As President Trump and governors like Ron DeSantis and Kristi Noem work to reopen America’s economy, consumers are responding with growing enthusiasm. In the Wall Street Journal, Gwynn Guilford reports on September’s highest increase in the Conference Board’s index of consumer confidence in 17 years. Guilford writes:
Consumers are growing more optimistic about the state of the U.S. economy, according to September surveys, as the labor market continued to gradually improve and a summer coronavirus surge receded in parts of the country.
The Conference Board, a private research group, said its index of consumer confidence surged to 101.8 in September, from a revised 86.3 in August. The increase was the biggest since April 2003—reversing two months of decline and bringing the index to its highest level since March, when the coronavirus pandemic thrust the U.S. economy into a recession. This month’s preliminary reading on consumer confidence was based on survey responses collected Sept. 1-18.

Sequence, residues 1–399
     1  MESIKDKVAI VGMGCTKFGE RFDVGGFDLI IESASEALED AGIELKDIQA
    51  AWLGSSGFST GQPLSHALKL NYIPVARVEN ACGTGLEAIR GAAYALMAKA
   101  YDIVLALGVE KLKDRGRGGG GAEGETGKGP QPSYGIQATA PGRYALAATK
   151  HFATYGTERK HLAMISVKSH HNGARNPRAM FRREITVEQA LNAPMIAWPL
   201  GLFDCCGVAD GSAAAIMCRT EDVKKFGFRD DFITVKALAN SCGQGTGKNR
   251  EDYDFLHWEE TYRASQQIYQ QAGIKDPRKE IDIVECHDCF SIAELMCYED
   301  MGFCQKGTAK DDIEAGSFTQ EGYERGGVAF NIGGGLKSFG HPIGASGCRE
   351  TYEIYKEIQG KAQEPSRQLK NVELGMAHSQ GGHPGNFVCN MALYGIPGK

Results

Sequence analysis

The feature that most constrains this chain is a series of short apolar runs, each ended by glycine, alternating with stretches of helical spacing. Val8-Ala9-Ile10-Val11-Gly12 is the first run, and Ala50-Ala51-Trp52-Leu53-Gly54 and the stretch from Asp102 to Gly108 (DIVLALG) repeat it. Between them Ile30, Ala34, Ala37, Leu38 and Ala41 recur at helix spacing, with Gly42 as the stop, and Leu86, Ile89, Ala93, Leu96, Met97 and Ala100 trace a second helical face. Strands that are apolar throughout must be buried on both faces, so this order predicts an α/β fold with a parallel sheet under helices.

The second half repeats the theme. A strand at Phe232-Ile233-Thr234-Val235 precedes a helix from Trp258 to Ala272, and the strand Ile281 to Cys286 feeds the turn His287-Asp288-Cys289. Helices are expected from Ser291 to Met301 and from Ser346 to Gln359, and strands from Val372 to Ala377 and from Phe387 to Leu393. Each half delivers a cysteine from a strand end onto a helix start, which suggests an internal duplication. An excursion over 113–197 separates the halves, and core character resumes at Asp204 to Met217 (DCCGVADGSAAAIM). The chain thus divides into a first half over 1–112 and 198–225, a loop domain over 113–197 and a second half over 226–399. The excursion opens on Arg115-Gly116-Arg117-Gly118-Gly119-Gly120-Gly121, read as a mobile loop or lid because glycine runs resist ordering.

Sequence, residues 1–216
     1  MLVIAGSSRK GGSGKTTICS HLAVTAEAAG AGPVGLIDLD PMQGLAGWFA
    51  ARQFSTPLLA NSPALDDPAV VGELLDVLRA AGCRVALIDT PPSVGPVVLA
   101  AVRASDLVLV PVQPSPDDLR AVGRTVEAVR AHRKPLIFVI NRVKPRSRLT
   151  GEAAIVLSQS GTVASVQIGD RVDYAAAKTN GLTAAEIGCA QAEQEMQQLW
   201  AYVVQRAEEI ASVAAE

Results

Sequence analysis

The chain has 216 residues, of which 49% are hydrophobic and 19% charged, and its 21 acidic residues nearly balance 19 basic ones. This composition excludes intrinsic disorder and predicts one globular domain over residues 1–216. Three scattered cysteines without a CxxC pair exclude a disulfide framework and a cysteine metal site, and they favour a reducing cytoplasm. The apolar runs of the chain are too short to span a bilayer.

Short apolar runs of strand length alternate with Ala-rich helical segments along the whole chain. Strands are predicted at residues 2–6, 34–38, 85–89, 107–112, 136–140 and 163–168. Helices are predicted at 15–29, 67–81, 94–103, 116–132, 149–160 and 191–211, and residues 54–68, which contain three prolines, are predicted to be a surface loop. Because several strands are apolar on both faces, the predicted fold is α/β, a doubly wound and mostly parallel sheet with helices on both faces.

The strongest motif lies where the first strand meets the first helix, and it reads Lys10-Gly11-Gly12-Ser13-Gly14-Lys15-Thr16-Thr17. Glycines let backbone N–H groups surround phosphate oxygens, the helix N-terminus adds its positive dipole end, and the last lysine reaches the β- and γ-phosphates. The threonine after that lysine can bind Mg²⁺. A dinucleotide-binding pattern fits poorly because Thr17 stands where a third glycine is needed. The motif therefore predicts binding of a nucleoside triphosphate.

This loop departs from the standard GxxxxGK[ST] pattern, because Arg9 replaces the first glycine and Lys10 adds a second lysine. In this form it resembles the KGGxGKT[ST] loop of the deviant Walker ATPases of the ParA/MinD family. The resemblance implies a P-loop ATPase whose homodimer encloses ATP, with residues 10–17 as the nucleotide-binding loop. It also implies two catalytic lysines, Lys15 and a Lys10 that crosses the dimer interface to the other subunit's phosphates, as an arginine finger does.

Consumer bullishness likely reflected in part consistent improvements in the labor market. The share of respondents in the Conference Board’s index reporting jobs as “plentiful” climbed to 22.9% in September, from 21.4% in August—and compared with just 16.5% in May.
The August unemployment rate plummeted to 8.4%, from 10.2% in July. Economists expect continued, if less dramatic, improvement in September, with those surveyed by The Wall Street Journal expecting a payrolls gain of 800,000 this month, bringing the unemployment rate to 8.2%.
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